The Ravens' remarkable season ends with one of the most shocking early playoff exits in recent NFL history. Baltimore played like a team in complete control of its destiny for three months, then lost all jurisdiction when it mattered most. CBS cameras captured the Ravens on tilt, down double-digits before they realized what hit them, then reduced to blind hope that their young superstar quarterback could save them from disaster. Lamar Jackson had 59 pass attempts and 20 rushes -- an almost-comical level of over-reliance that generated absurd production (508 yards in total) but didn't come close to achieving the desired effect of bringing John Harbaugh's team back from the abyss. The future remains bright, but the 2019 Ravens' fate is ultimately that of a cautionary tale: Even a truly great regular-season team (and Baltimore was one of the best ever) can be rendered vulnerable, and ultimately irrelevant, over the course of 3.5 hours in January.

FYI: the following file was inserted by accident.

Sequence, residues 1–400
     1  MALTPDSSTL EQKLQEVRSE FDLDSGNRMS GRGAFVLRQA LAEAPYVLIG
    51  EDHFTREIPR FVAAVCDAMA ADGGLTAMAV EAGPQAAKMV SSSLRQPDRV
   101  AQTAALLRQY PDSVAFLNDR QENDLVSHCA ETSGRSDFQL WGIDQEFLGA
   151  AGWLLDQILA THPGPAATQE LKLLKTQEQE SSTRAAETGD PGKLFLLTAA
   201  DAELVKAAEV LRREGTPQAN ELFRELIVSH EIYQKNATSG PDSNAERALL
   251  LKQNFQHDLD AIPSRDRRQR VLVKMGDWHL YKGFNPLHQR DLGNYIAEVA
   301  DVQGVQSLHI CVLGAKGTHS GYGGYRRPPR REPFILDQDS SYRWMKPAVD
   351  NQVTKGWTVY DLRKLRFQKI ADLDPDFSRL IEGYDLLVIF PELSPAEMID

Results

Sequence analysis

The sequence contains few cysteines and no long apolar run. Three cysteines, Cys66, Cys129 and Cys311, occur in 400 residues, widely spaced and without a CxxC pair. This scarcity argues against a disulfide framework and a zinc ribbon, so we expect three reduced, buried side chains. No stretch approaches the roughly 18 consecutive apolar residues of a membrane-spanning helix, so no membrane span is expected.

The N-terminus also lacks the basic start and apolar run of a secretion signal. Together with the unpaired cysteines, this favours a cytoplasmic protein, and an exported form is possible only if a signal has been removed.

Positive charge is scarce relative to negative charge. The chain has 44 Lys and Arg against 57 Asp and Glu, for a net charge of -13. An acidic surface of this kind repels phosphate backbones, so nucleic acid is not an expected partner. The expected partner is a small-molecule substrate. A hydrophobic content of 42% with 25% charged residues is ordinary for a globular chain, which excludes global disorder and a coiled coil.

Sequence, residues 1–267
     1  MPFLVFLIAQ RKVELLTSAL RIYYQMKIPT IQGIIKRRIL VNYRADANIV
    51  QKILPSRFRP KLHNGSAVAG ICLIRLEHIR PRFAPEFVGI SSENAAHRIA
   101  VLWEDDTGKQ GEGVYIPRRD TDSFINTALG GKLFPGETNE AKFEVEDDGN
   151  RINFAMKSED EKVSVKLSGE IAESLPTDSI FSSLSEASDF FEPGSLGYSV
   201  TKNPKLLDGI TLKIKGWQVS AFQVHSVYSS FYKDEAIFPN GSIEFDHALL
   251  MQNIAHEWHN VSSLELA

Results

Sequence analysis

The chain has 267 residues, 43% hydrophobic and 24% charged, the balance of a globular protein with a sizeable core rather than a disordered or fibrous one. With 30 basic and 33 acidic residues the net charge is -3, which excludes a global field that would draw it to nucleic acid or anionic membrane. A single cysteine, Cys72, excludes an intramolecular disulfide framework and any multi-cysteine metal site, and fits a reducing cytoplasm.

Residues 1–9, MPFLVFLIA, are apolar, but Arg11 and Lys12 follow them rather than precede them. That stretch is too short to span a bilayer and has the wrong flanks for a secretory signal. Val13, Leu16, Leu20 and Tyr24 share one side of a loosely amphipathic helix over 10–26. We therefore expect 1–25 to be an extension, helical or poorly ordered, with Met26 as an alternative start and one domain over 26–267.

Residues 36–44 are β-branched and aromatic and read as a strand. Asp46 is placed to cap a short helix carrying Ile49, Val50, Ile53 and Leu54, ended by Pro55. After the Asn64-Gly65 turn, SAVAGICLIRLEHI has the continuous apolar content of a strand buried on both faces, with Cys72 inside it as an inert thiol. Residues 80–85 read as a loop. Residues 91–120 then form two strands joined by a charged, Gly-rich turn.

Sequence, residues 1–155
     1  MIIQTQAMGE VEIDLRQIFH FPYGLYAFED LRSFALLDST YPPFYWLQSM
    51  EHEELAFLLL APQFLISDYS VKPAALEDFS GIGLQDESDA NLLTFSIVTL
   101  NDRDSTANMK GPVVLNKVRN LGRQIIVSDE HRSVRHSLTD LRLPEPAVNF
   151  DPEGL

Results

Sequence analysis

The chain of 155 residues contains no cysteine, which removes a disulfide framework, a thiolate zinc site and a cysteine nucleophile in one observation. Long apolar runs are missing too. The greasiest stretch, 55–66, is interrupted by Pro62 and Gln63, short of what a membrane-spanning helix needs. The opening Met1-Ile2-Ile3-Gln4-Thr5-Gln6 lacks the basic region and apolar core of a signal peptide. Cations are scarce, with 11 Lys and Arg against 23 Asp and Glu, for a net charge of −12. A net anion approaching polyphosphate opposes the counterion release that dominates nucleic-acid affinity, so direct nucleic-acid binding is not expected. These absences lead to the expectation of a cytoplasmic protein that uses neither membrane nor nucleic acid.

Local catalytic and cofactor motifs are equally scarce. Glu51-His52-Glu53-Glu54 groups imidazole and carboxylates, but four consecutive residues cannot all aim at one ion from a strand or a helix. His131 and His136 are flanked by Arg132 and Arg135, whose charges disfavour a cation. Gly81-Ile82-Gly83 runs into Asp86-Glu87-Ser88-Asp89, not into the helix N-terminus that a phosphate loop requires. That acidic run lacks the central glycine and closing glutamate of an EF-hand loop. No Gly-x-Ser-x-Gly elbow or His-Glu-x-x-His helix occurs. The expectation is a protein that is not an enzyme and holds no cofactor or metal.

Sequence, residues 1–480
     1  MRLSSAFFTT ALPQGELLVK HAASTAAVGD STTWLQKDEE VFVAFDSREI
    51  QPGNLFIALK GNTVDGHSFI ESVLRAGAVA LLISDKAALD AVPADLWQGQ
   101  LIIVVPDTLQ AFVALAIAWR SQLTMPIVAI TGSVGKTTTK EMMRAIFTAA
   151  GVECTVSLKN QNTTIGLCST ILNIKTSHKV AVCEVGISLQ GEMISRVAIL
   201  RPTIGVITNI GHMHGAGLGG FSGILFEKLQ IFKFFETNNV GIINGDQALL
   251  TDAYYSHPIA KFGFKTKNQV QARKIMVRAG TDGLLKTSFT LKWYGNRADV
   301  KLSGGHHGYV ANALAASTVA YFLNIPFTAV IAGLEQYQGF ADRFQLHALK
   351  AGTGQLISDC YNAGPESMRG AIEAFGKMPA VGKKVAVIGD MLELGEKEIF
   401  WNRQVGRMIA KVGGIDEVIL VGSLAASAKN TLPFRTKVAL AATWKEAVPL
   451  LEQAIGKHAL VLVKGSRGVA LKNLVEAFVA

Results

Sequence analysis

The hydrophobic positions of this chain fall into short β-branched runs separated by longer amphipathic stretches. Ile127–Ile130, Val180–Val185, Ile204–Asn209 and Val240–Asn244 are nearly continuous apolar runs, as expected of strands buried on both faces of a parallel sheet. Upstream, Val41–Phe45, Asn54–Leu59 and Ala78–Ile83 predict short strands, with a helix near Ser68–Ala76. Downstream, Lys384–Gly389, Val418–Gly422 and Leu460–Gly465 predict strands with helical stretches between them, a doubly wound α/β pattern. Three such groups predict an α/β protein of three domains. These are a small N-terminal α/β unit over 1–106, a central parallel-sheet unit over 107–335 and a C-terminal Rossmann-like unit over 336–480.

Seattle came close. Jacob Hollister almost scored a touchdown to beat the 49ers in the regular-season finale, and Lano Hill almost tackled Jimmy Graham short of the first-down marker against the Packers. The Seahawks lost the game of inches in both cases, and now they're sitting at home because of it. "That's how close it is sometimes," Pete Carroll said after Sunday's game. "We have to make those inches become yards on our side and do better in a lot of ways." Moving forward, the Seahawks need to get better on defense, a unit that struggled to get to the quarterback or cover in the back end (hello, Davante Adams). Will they shell out big bucks to keep Jadeveon Clowney? He's one of the only Seahawks defenders who made life difficult for Aaron Rodgers on Sunday, but he's also a constant injury risk who will command a huge payday. A significant asset-allocation decision looms for John Schneider.